so materialistic, and so shallow that after September the 11th, we might just
file a lawsuit or two. (Laughter.)
But they found out we think differently here in America. They found out what
this country is made out of. (Applause.) We're a strong nation, but we're a
decent nation as well. See, we don't seek revenge, we seek justice. We don't
go to countries to conquer, we go into countries to liberate, just like we did
in Afghanistan. We believe in the worth of human beings all around the world.
Our dream is for freedom not just for our own children, but for children all
around the globe. That's the way our nation thinks.
I'm going to tell you what I believe. I believe out of the evil done to America
is going to come some incredible good. (Applause.) I believe it. I believe that
if this nation remains strong and tough and pursues terrorism, upholds doctrine,
is true to our word, is willing to delineate between good and evil, that we
can achieve peace -- that we can have peace not only for our own people, but
we can have peace in places where they've quit thinking about peace, like the
Middle East, or South Asia. I believe that.
I want you to tell your children, when they hear the talk of war, or they talk
about our United States taking action, that it's all a design, it's all aim
to make this world a peaceful place.
And here at home, I believe that out of evil done to America there is going
to come some incredible good, as well. I mentioned the fact that there are pockets
of despair and hopelessness in California and America -- there just are. I believe
when one of us hurts, we all hurt. But I understand the role of government is
limited. See, government can hand out money, but what it cannot do is put hope
in people's hearts, or a sense of purpose in people's lives.
No, societies change one heart, one soul, one conscience at a time. Societies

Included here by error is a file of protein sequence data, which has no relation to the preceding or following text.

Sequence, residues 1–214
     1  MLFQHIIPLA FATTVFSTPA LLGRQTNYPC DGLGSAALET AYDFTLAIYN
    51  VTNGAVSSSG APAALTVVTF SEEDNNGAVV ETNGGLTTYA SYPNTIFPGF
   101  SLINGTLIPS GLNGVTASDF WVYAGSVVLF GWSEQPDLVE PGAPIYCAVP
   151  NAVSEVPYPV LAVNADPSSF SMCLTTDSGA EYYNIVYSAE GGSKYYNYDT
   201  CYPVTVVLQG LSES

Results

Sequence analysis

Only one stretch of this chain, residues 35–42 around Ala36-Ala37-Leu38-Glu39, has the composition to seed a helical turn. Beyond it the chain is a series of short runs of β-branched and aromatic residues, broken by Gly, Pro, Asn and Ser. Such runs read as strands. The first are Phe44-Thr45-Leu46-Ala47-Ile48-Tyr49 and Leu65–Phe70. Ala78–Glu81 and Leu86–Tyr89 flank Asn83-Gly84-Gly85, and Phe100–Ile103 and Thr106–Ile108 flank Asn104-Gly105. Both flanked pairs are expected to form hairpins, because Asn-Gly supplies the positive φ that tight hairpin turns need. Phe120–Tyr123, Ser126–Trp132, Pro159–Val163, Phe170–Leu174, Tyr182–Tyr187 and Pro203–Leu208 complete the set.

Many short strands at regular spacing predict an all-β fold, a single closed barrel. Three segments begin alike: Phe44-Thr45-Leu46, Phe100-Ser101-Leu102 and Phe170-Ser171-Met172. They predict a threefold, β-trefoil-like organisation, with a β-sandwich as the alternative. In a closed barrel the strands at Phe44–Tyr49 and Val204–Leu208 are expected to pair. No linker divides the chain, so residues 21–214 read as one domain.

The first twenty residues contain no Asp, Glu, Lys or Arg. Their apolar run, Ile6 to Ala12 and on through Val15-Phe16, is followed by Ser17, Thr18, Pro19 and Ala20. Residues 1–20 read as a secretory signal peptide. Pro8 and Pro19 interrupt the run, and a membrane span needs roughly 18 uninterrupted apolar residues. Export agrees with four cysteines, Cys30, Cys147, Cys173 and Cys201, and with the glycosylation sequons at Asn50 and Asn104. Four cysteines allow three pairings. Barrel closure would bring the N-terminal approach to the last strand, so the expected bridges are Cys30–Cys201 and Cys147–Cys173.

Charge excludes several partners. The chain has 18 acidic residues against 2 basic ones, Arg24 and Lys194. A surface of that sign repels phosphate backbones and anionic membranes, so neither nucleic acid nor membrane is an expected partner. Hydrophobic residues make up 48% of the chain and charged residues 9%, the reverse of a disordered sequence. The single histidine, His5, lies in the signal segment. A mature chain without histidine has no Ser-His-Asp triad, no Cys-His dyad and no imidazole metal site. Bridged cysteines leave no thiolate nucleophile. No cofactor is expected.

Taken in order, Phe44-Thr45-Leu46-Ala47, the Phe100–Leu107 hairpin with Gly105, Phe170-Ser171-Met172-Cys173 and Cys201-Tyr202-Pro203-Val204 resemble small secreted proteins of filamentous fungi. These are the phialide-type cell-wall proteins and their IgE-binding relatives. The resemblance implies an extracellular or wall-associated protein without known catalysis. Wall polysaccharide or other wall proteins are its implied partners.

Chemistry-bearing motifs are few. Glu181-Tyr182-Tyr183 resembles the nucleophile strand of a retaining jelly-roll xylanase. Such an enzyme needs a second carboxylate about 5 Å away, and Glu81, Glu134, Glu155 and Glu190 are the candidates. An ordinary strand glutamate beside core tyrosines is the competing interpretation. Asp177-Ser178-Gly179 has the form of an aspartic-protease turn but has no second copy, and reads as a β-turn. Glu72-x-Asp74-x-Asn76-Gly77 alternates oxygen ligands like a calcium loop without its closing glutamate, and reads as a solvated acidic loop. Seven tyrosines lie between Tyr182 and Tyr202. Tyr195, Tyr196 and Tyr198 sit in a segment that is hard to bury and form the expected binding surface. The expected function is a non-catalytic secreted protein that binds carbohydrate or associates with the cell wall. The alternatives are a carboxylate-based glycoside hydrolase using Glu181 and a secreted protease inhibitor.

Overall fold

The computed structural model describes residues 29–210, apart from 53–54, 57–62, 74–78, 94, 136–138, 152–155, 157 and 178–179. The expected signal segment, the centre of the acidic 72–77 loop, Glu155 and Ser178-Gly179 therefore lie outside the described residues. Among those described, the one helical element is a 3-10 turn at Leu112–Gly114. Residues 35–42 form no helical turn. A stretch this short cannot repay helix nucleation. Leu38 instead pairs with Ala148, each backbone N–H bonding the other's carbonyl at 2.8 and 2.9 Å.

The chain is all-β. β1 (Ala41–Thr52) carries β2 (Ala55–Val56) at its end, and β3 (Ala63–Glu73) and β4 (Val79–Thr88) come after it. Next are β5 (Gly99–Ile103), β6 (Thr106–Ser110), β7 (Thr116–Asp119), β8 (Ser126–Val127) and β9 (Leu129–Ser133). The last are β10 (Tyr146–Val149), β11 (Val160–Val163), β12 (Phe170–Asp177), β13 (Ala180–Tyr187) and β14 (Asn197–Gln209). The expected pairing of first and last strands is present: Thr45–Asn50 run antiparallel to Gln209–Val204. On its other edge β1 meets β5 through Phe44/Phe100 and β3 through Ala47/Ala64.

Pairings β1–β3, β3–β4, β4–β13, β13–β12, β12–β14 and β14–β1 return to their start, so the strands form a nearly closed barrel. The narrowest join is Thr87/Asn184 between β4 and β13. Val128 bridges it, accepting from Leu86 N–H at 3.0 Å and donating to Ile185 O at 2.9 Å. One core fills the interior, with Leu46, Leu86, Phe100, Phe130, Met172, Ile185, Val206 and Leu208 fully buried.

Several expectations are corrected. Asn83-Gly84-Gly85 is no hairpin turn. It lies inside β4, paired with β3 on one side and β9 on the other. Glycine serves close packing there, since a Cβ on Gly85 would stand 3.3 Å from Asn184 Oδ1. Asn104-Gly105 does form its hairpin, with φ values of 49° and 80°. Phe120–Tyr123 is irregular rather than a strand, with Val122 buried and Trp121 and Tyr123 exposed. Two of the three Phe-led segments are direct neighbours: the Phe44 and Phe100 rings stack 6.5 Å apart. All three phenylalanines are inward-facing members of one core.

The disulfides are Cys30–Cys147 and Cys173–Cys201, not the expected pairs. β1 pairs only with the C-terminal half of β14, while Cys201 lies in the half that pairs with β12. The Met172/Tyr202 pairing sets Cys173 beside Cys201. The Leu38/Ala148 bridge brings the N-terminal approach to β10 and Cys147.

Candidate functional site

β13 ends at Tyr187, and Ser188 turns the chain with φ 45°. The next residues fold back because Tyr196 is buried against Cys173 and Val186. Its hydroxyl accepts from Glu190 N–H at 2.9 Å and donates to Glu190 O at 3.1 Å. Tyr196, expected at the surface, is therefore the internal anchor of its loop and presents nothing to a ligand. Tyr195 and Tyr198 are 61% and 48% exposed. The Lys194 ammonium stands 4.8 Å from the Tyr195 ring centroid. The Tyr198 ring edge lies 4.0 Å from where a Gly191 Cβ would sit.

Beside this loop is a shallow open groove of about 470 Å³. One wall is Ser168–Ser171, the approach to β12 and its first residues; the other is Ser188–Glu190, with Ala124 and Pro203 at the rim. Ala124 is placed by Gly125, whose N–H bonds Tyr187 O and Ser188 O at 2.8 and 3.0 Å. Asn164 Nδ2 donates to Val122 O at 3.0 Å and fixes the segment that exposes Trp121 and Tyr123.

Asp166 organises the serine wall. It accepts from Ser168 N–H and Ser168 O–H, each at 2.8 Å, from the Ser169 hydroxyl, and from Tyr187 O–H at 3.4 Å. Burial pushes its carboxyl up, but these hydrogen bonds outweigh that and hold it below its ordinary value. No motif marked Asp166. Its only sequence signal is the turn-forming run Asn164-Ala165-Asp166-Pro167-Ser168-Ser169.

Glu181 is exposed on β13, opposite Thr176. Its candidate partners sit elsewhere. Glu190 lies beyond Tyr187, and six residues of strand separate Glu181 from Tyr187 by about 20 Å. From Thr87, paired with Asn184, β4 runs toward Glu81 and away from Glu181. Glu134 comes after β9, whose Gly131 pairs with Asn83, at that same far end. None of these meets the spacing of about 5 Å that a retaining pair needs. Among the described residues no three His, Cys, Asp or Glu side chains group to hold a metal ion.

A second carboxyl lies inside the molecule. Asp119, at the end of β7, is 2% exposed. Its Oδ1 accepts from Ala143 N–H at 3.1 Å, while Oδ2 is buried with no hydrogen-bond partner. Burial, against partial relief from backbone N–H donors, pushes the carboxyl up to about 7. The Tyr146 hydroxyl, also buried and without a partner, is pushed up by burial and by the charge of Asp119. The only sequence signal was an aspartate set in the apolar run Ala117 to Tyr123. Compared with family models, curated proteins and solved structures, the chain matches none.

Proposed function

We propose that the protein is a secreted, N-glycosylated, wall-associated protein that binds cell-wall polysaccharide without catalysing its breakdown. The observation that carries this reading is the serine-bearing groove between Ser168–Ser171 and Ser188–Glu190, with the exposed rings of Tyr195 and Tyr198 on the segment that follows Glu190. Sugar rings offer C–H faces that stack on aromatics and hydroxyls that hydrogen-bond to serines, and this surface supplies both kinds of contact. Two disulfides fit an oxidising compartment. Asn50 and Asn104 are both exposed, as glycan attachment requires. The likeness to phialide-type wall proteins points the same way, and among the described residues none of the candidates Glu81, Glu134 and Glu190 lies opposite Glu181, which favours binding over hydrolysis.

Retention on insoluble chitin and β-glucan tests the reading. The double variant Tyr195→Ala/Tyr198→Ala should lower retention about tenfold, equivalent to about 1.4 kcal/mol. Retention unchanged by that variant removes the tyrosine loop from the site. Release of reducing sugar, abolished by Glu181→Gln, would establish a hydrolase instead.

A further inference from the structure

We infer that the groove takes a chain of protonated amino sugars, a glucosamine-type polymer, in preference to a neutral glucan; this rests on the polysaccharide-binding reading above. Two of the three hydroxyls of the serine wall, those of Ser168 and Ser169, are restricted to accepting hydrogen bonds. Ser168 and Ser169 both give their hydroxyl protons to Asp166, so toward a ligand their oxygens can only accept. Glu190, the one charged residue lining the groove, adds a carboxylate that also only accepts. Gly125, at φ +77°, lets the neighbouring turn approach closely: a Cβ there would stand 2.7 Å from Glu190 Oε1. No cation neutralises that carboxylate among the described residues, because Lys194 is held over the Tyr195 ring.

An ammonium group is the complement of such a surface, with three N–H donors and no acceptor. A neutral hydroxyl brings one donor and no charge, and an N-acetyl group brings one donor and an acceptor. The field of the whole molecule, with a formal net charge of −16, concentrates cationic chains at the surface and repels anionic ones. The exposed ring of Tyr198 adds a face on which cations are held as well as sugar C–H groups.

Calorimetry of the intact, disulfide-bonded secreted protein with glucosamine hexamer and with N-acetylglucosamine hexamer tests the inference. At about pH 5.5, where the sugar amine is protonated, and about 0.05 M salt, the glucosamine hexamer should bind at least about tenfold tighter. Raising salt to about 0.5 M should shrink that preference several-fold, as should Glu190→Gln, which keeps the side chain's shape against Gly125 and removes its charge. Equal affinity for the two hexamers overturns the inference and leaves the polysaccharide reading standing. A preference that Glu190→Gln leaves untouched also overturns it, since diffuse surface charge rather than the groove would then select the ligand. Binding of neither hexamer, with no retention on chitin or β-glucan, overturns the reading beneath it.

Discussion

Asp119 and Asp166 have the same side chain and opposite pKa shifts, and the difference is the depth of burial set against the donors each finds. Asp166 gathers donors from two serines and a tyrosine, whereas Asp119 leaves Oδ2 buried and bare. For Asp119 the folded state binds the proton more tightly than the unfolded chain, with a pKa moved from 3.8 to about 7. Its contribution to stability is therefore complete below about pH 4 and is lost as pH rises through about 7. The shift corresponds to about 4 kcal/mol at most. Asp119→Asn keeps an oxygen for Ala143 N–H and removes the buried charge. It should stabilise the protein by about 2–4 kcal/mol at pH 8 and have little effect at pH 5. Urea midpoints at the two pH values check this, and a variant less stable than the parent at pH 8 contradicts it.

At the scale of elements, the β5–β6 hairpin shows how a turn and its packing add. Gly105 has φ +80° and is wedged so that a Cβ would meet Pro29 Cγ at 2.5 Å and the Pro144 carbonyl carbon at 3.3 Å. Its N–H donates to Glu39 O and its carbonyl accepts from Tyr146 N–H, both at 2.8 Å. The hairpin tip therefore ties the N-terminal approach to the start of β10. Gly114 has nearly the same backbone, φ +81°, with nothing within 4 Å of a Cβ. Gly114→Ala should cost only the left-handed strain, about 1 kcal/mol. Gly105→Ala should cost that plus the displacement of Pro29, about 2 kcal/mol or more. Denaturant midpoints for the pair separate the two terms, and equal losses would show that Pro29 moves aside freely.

change when people say, I want to love my neighbor just like I was loved myself.
And that's what's happening here in America. People have said, what can I do
to help? I've said, do some good. It's the collective acts of our kind and decent
and compassioned citizens which defined the true character and true face of
No, the enemy hit us, the enemy hit us. But out of the evil done on that terrible
day is going to come a more compassionate and decent and hopeful Americans.
You see, people have taken a step back here in this country, and they now understand
that serving something greater than yourself is part of being a patriotic American.
It's more than just putting your hand on your heart and saying, by the way,
one nation under God. It's more than that. (Applause.)
A patriot is somebody who mentors a child. A patriot is someone who brings hope
into a life that is hopeless. A patriot is somebody who works to feed the hungry.
That's a patriot. A patriot is somebody who's a responsible citizen, responsible
for loving their children with all their heart and all their soul, but responsible
for working in the community in which they live. And that's what happening,
here in America.
And perhaps the most vivid example of what I'm talking about, a vivid example
of an attitude change, a clear beacon of what's happening in America took place
on Flight 93, when citizens were flying across the country. History shows that
they were on the cell phones and they told their loved ones they loved them
and good-bye. They said a prayer. One guy said, "Let's roll." They
took the airplane that was to be used as a weapon, perhaps against the White
House or the Capitol, they drove it into the ground to serve something greater
than themselves in life. (Applause.)
No, I believe -- I believe from the bottom of my heart that out of the evil
done to America is going to come some great good. The world is going to be more
peaceful and this country is going to be more compassionate and decent and hopeful.
Because this is the greatest country on the face of the Earth. We're the greatest
country because we've got the greatest people on the face of the Earth.
Thank you all for coming. God bless, and God bless America. (Applause.)